How PRP and PRF Can Be Used in the Field of Dentistry?

Dental therapies include blood derivatives including platelet-rich plasma and platelet-rich fibrin, which are autogenic sources of numerous growth factors essential for tissue regeneration and healing.

The increased interest in the two biomaterials in regenerative customised medicine is also influenced by this fact. Numerous applications for platelet-rich forms are made possible by their diversity. One of the core products of the Plasmolifting Technologies are PRP-tubes that are also now used in the field of dentistry.

Use of platelet-rich plasma particularly in personalized dentistry

PRP that has eight times as many thrombocytes as the initial blood can be made, depending on the preparation procedure. In comparison to single centrifugation, double centrifugation allows one to obtain a larger concentration of thrombocytes and leukocytes.

Pure PRP (P-PRP), which is platelet-rich plasma that solely contains thrombocytes, can be distinguished from platelet-rich plasma that also contains leukocytes (L-PRP). They can be utilised as fibrin gels or an injectable suspension.

Unlike L-PRF and I-PRF, P-PRP releases the majority of its growth factors early on and totally dissolves after three days. The majority of the growth factors released by L-PRP are also released within the first few hours after its inception.

Description of unadulterated platelet-rich plasma use in dentistry

Scientists have been studying PRP’s effectiveness against different bacteria for years. According to one study, P-PRP has an antimicrobial effect on microorganisms including:

  • Streptococcus agalactiae
  • Candida albicans
  • Enterococcus faecalis
  • Streptococcus oralis.

Activity against P. aeruginosa was not verified in this study. In the research investigation, the effectiveness of P-PRP against a variety of bacteria was evaluated, including

  • nucleatum
  • gingivalis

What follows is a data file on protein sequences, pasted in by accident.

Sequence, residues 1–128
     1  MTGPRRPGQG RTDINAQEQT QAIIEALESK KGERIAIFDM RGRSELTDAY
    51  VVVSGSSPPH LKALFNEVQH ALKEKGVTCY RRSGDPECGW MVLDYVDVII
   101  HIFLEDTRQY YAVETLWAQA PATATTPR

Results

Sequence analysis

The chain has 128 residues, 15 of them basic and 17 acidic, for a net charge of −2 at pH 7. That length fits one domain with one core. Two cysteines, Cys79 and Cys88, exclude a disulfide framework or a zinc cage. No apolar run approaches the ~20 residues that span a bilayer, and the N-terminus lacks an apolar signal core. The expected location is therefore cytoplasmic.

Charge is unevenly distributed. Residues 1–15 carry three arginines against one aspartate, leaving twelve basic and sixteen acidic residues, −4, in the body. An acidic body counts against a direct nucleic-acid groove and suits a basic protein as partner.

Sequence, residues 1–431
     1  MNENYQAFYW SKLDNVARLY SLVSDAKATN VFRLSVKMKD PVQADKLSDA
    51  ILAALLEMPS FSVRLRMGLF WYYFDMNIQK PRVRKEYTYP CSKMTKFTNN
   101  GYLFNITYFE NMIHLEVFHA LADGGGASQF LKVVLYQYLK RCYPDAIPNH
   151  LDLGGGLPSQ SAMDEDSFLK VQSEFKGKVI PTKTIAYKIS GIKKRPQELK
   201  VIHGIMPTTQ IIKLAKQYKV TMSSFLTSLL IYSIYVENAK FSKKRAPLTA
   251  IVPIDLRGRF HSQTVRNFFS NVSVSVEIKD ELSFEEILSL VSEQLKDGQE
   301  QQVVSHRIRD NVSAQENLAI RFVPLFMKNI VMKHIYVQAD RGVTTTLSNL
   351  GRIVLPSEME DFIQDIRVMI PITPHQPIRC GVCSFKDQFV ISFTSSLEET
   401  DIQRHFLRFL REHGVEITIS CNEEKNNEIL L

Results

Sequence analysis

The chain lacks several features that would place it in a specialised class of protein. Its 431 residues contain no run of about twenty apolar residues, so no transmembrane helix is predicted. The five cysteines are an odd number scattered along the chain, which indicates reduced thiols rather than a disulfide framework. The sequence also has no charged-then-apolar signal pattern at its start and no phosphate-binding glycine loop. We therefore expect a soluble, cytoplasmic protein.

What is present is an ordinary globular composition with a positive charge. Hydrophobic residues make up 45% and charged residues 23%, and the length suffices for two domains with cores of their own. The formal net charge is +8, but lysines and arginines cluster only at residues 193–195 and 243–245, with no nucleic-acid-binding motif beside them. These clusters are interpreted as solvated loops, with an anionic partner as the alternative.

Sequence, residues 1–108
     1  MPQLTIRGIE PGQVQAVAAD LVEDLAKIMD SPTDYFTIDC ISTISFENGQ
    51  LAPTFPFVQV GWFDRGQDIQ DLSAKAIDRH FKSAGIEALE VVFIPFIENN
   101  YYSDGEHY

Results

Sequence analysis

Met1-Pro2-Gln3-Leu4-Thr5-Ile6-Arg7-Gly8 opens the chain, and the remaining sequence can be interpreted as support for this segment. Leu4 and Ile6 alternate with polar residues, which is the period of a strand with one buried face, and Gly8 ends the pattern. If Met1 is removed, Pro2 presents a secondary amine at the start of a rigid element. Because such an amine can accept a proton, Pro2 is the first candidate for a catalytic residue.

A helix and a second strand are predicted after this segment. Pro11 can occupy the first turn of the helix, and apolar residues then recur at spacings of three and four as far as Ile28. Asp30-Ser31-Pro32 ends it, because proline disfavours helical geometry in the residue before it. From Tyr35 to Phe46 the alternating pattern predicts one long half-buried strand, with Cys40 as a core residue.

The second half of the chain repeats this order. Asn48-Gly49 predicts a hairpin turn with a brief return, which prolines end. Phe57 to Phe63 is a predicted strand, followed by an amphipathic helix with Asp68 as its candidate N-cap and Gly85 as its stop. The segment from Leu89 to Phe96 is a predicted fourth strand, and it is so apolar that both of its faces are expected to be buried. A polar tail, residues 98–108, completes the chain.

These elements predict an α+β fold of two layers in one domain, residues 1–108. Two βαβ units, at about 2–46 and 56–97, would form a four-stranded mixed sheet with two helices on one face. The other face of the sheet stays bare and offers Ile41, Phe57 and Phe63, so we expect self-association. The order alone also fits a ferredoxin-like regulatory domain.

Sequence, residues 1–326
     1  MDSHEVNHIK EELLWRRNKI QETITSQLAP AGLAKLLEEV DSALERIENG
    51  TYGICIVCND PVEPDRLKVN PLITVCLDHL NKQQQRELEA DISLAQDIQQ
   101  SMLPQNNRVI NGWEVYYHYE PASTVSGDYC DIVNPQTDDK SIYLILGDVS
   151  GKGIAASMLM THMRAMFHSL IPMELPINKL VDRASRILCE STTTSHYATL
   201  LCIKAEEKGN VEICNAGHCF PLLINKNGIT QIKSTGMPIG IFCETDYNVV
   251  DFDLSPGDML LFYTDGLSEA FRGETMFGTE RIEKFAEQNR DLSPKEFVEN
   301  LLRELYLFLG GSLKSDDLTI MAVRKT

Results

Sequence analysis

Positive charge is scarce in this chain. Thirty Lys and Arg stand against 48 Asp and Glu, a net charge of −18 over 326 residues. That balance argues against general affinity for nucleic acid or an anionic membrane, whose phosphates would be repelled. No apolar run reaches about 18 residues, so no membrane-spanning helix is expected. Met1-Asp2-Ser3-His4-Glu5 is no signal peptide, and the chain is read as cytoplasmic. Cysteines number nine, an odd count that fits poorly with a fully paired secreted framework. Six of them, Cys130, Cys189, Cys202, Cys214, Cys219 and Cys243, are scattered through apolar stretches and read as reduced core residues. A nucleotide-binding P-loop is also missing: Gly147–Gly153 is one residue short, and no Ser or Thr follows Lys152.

• ctynomicetemcomitans
  • coli
  • K pneumoniae.

After evaluating the activity of platelet-poor plasma, PRF and platelet-depleted plasma, relative to P. A. actinomycetemcomitans and gingivalis, antibacterial activity was demonstrated for all of these types. The microorganisms described above exhibited the maximum PRP activity, according to observations.

Similar findings from research were released in 2019 in Vietnam. One of the primary bacteria that cause periodontitis, P. gingivalis, was used as a test subject for the antimicrobial activity of PRP. The primary distinction was that they employed 12.5% PRP as opposed to another researcher’s use of 50% PRP.

In Vietnam, PRP treatment significantly reduced bacterial counts and decreased P. gingivalis adhesion in samples from both healthy and periodontitis patients. Another researcher’s investigation showed that growth was stopped for up to 2 hours, but that the bacteria eventually resumed growing.


Although the preliminary research findings are encouraging, more study is required to fully understand the role that PRP and PRF play in personalised dentistry. Because PRF and PRP are natural materials, they are biocompatible and biodegradable.

Because of this, procuring them does not result in unnecessary waste. They don’t induce allergic reactions because of their biocompatibility. Because of this, platelet concentrates are particularly fascinating for a variety of medical applications, including dentistry.

These characteristics are currently the most desired ones since products with these characteristics would be accepted by any organism. PRP and PRF are consequently products that can be used to treat a variety of illnesses.


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